The “Happy” Station

by Lois Donahue

EXCERPT: “My thoughts took me beyond the artist’s presentation of her, to the real, flesh and blood woman who actually lived through that horror. I became aware of a mother standing helpless near the foot of the cross on which her child was dying.”

Whenever I meditate on the Way of the Cross, trying to imagine what those terrifying hours must have been really like, I sorrow as I stand before each station; with the exception of one – the twelfth. For me, JESUS DIES ON THE CROSS has become the “happy” station.

I was startled when such a thought first entered my mind. Associating happiness with the death of Jesus seemed somehow sacrilegious. However, each time I approached the carved depiction of that event, the idea returned. One day I decided to go with it – to see where it would lead me.

I stopped before the twelfth station and looked up. First at Mary. My thoughts took me beyond the artist’s presentation of her to the real, flesh and blood woman who actually lived through that horror. I became aware of a mother standing helpless near the foot of the cross on which her child was dying.

By this time, on that particular Friday afternoon, she most likely knew there would be no last minute, life-saving miracle – that Elijah was not coming to “take him down”. Perhaps, by this time, she also knew that all of this horrendous agony was, in some mysterious way, part of Jesus being about his “Father’s affairs”. For certain she did know, from his despondent cry; “My God, my God, why have you deserted me?” that her son was in excruciating pain.

At that point, although still remaining his faithful handmaid, this heartbroken mother MUST have begged her Lord to ‘let it end’ and she MUST have felt a brief moment of happiness when the end did come – when there was no more pain for him – when JESUS DIED ON THE CROSS.

My thoughts of death and happiness did not stop with Jesus and Mary. I looked down from the station and thought about so many of us who have watched a loved one painfully struggle toward an inevitable death. How, out of love and faith, we prayed for the mercy of death. Then, at their last breath, in that instant before we were engulfed in the grief of our own loss, didn’t we feel a sense of happiness – for them?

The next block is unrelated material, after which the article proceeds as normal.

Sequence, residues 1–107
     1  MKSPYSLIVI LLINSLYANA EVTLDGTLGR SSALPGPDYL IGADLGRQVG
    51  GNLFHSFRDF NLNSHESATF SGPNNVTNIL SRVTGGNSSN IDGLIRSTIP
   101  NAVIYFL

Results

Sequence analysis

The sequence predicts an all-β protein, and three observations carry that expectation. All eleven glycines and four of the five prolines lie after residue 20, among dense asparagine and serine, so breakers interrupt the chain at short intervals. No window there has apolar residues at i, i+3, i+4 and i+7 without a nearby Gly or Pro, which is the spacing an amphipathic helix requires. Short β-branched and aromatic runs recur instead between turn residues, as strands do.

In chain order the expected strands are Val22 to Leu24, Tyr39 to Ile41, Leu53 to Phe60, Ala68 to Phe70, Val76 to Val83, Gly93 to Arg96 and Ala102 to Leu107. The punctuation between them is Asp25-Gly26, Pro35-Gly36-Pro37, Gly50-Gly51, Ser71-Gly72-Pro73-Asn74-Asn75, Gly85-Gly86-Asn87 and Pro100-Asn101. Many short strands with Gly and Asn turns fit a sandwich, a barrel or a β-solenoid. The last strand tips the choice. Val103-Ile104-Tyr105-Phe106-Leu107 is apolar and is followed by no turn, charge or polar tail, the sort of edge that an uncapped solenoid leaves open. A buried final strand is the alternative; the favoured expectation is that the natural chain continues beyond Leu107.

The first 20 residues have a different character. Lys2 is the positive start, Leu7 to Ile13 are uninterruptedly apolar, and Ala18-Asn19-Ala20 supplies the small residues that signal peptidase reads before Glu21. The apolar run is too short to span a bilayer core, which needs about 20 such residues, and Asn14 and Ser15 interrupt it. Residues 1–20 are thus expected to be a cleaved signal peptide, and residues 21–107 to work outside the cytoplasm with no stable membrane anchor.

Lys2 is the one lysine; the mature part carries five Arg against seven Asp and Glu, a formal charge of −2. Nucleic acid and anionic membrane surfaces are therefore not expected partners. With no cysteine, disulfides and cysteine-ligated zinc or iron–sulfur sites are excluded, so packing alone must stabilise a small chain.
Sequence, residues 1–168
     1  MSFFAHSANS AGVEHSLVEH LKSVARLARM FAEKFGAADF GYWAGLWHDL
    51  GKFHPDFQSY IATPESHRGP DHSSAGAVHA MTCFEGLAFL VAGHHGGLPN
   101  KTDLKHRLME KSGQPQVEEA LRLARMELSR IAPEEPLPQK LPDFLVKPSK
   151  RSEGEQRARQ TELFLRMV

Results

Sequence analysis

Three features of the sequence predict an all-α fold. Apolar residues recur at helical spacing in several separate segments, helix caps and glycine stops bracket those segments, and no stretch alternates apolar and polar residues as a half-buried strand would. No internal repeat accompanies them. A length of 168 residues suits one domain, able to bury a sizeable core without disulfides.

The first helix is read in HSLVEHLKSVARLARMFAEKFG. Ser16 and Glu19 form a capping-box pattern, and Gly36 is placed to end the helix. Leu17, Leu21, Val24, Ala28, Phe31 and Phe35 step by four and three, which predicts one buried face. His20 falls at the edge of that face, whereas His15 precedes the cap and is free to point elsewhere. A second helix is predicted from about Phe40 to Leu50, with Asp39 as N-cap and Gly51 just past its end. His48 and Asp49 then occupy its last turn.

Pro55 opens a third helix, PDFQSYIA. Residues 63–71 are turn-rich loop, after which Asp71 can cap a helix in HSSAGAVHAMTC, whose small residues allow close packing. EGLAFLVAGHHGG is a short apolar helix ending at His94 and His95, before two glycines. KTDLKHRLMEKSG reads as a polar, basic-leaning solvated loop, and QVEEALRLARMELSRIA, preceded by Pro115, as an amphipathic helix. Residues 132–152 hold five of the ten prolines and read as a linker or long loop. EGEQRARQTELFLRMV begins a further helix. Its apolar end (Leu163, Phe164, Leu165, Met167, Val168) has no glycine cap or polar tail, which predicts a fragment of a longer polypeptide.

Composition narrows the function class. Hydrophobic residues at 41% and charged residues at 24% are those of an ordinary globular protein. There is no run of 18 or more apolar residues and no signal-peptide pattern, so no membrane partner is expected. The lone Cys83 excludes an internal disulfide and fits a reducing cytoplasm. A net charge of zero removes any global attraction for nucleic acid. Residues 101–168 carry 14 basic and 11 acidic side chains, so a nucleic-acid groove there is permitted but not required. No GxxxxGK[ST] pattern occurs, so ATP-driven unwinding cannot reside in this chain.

Then there were my thoughts about St. Joseph being the “Patron of a Happy Death – about Thomas Merton using the phrase, “O Happy Death” _ and about recently leafing through a book of Catholic prayers and seeing; “Prayer For A Happy Death”.

I recalled the words of Jesus: “If anyone believes in me, even though he dies he will live.”

I remembered what I’d been taught and have come to believe about death – that everlasting life with God is our intended destiny and that death can be for us, if not the actual threshold step into heaven, at the very least a guaranteed giant step in that direction.

All of these thoughts raced through my mind in a matter of minutes. It took me just that long to KNOW that for those who try their best to live according to God’s will, happiness is meant to be a companion of death – perhaps not of the ANTICIPATION OF DEATH nor of the PROCESS OF DYING but certainly of the moment of death itself. I knew, too, that it would not necessarily be a joyous, cheerful, obvious kind of happiness but rather a peaceful, contented, beatitude kind of happiness that would take death gently by the hand.

I looked up again at the twelfth station and smiled. Not only did I see a spark of light along the dark sorrow of Christ’s passion; I had found a forever reminder that no matter along what seemingly unbearable “way of the cross” life might lead me, somewhere there will be a ‘station’ that will lift me even beyond the expectation of hope to the assurance of promise.

What’s not to be happy?